Voter ID Debate Waged in Some States
As the presidential primaries draw near, debate in some states heats up over voter identification, reports Fox News
Republicans claim that requiring a photo ID at the polls is just matter of common sense, but Democrats say that requiring a photo ID may leave some voters out.
"I think this is an effort to diminish minority and poor people's involvement in the electoral policies and politics," said Dick Harpootlian, chairman of the South Carolina Democratic Party.
But Dave Norcross, president of the Republican National Lawyers Association, argues that photo ID is required for many other normal activities.
"You need it to get welfare, you need it to get on an airplane, take the SAT, buy liquor, buy cigarettes. It's sort of ubiquitous," Norcross said. "And it's crazy to exclude voting from the list of things you need it for."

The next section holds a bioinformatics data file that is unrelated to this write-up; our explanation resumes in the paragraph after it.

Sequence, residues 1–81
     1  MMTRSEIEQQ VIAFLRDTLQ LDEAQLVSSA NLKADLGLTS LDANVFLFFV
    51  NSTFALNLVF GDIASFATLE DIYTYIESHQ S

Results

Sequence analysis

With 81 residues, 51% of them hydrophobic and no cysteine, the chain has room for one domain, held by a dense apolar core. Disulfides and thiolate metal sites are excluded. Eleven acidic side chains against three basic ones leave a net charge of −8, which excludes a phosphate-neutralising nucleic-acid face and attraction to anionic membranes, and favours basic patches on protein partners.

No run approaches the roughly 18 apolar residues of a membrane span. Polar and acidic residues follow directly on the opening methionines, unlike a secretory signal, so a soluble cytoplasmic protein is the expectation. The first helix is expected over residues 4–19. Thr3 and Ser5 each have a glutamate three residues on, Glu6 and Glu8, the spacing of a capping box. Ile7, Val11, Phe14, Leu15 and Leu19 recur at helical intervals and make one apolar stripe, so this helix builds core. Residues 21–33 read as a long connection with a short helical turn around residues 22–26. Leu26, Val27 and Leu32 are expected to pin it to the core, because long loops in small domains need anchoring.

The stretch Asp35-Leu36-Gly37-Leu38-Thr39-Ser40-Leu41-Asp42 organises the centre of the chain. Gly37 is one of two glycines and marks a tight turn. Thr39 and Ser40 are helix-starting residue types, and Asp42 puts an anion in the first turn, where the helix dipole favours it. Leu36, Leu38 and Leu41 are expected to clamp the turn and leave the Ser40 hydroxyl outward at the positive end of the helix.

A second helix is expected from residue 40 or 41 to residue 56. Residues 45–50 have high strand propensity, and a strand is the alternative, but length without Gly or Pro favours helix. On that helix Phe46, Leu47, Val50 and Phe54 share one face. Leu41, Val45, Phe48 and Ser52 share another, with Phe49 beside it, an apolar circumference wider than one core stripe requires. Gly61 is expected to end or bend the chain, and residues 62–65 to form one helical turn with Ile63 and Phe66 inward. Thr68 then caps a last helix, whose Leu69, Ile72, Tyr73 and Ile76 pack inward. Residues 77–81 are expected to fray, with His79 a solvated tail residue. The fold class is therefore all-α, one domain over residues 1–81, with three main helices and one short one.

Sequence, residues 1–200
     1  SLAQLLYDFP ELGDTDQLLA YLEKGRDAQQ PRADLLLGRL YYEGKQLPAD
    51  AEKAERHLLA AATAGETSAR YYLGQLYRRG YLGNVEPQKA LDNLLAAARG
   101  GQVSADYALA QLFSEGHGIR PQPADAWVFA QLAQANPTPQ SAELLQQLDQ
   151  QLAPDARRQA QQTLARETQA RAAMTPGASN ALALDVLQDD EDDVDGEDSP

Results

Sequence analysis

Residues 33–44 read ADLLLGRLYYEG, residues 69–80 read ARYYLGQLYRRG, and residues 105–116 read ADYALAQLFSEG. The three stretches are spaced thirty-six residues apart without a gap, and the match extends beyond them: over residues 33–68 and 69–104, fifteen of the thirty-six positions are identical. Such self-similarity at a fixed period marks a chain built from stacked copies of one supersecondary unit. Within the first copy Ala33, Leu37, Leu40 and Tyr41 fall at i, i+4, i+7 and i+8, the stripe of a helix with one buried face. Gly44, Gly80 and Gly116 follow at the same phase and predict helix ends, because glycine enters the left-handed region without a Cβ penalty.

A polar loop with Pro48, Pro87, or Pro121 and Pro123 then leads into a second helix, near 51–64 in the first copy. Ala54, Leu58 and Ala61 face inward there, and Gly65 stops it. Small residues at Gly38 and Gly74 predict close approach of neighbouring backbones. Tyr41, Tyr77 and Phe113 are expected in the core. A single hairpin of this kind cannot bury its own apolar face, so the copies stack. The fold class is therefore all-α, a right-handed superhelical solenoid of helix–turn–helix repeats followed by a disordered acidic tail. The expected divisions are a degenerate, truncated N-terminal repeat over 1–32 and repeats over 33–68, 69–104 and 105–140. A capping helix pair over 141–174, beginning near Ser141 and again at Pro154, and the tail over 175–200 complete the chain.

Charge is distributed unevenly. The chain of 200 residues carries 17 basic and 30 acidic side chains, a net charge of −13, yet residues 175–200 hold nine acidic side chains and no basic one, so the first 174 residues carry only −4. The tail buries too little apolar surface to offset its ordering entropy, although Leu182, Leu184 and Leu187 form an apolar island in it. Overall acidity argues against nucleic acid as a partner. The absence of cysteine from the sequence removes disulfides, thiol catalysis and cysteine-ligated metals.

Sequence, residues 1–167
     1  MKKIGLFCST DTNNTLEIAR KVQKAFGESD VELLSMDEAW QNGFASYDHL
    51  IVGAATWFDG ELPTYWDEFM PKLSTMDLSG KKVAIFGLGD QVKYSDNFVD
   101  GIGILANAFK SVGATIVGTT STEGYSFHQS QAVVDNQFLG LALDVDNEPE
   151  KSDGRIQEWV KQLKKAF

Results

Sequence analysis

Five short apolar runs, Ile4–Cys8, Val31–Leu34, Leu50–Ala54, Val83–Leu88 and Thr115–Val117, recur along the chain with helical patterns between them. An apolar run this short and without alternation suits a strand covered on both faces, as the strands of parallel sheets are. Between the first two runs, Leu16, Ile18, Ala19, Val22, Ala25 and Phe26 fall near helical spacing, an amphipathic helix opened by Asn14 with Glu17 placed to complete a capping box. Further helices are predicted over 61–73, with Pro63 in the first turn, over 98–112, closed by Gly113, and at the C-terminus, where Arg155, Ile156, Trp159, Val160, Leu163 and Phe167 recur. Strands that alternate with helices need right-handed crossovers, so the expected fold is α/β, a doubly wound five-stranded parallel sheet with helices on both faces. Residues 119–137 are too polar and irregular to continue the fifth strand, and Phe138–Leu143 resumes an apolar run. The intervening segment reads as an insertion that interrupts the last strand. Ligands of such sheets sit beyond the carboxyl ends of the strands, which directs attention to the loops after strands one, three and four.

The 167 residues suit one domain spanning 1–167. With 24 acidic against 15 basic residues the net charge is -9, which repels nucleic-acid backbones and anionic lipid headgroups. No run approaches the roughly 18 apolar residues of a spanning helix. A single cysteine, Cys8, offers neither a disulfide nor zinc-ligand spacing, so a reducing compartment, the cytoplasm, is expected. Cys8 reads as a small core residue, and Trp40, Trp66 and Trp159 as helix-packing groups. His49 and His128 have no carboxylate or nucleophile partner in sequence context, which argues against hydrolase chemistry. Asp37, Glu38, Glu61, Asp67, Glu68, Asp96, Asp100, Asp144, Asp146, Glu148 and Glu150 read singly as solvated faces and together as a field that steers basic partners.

Fifteen states currently require or plan to require voters to present a photo ID, in accordance with a Supreme Court ruling upholding an Indiana voting law.
"The U.S. Supreme Court upheld the law and the opinion was written by Justice John Paul Stevens, who as you know is one of the most liberal stalwarts of the Supreme Court," explained Hans von Spakovsky of the Heritage Foundation.
The latest debate erupted in South Carolina, as the Palmetto state’s primary approaches.
Attorney General Eric encouraged people to oppose such efforts just days before the Justice Department blocked a new South Carolina law to require photo ID.
"Call on our political parties to resist the temptation to suppress certain votes in the hope of attaining electoral success," he told a group at the LBJ Center in Austin, Texas.
States that have voted in favor of photo IDs report that voter turnout increased across the board, including minority groups.